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ERIC Number: EJ857809
Record Type: Journal
Publication Date: 2009
Pages: 24
Abstractor: ERIC
Reference Count: 0
ISSN: ISSN-0095-182X
Telling Our Own Stories: Lumbee History and the Federal Acknowledgment Process
Lowery, Malinda Maynor
American Indian Quarterly, v33 n4 p499-522 Fall 2009
The author was born in Robeson County, North Carolina, a place that Lumbees refer to as "the Holy Land," "God's Country," or, mostly, "home," regardless of where they actually reside. Her parents raised her two hours away in the city of Durham, making her an "urban Indian". She has a Lumbee family; both of her parents are Lumbees, and all of her relatives are Lumbees--she is just a Lum, she is Indian. She was drawn to researching and writing about her People's history in part because the opportunity to tell their own story was too rare for her to pass up. When she began researching her dissertation on Lumbee identity during segregation, which she is now revising into a book, she knew that the Lumbee community was proudly and stubbornly decentralized--within the larger community are many smaller communities formed around families, special places, and economic and religious interests. She discovered that while the group's existing decentralization contributed to the formation of political and economic factions, non-Indians routinely exacerbated those disputes by promoting varied standards and criteria for being Indian. Race, as a category of knowledge more than as a biological reality, has influenced Native American identity formation and political factionalism. In this article, the author talks about the Lumbee history and the federal acknowledgment process. (Contains 29 notes.)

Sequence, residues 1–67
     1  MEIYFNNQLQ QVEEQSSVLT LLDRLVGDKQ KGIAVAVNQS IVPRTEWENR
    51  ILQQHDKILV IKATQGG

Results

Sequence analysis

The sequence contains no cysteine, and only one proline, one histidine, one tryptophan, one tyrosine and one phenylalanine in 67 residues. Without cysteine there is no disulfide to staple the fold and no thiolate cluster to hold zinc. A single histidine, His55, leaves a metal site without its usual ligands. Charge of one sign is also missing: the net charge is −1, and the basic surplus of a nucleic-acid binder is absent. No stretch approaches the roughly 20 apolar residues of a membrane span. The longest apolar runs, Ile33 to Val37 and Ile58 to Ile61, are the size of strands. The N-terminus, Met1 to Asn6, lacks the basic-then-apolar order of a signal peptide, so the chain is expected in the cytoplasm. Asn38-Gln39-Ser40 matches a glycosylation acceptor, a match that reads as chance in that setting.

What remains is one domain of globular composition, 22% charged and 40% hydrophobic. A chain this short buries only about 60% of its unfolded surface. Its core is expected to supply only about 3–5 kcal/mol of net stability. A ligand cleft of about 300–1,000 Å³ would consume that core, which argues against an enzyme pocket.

University of Nebraska Press. 1111 Lincoln Mall, Lincoln, NE 68588-0630. Tel: 800-755-1105; Fax: 800-526-2617; e-mail:; Web site:
Publication Type: Journal Articles; Opinion Papers
Education Level: N/A
Audience: N/A
Language: English
Sponsor: N/A
Authoring Institution: N/A